UNESCO adds ancient Polish mine region to list of World Heritage Sites
At the 43rd Session of the UNESCO World Heritage Committee, being held in Baku, Azerbaijan, Poland's Krzemionki prehistoric striped flint mining region was inscribed on UNESCO's World Heritage Site List.
News of the Krzemionki Opatowskie region being added to the World Heritage Site List has been released on the United Nation's Twitter page.
Krzemionki Opatowskie, situated in the Świętokrzyskie province in southern Poland, is home to an area of prehistoric striped flint mines and settlements.
The whole area, named the Krzemionki Prehistoric Striped Flint Mining Region, was nominated by Poland at the beginning of 2018 to be considered for addition to the World Heritage Site List. In September of last year an expert from the UNESCO advisory body, ICOMOS (The International Council on Monuments and Sites) visited Krzemionki. In the spring of this year ICOMOS, on the basis of the expert's findings, presented UNESCO with a positive recommendation for adding the region to the list. Such an opinion is not binding for UNESCO.
The prehistoric mining region lies on the north-eastern edge of the Świętokrzyskie mountain range in the counties of Ostrowiec and Opatów. The region covers an area of 349.2 hectares and is made up of four parts: the main mining area in Krzemionki, the two smaller mines of "Borowina" and "Korycizna" - which lie along the same geological seam, and the prehistoric miners permanent settlement in Gawroniec, where the inhabitants would work the flint brought from the mines.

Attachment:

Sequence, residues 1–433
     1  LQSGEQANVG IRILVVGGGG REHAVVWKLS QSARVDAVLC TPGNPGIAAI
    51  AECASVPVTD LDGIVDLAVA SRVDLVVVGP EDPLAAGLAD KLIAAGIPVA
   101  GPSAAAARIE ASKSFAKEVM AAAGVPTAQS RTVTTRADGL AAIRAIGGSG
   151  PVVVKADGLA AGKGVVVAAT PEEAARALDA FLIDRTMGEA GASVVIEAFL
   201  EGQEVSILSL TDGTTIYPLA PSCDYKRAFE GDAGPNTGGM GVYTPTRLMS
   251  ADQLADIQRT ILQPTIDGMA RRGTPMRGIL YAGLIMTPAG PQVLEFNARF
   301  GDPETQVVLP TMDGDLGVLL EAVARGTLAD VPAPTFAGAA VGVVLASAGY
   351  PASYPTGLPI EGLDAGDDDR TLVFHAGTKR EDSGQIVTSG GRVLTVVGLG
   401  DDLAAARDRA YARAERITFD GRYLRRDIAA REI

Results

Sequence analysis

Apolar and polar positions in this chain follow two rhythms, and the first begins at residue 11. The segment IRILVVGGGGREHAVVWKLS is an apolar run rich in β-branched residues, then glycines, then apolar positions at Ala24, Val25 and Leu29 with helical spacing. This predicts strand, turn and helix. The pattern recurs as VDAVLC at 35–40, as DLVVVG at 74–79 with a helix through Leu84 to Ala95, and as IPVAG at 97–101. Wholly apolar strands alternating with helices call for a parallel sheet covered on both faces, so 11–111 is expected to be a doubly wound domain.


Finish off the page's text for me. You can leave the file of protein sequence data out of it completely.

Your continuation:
The Krzemionki striped flint mines were discovered in 1922 by the Ostrowiec-born geologist Professor Jan Samsonowicz. It was quickly recognised as a historical treasure. Since 1994 it has had the status of a historical monument and from 1995 the area has been designated a nature reserve.
The mines date back to the early Stone Age and the early Bronze Age and functioned between 4000BC and 2000BC. In Krzemionki there are around 4,000 shafts, up to nine metres deep, where striped flint was mined from the limestone rock. The shafts are connected by a network of walkways. The flint was used for the production of simple tools such as axeheads.
Deputy Director of Poland's National Heritage Institute Mariusz Czuba, during a February visit to Krzemionki, emphasised that the area is "absolutely the most important archaeological site in Poland, one of the most important in the world."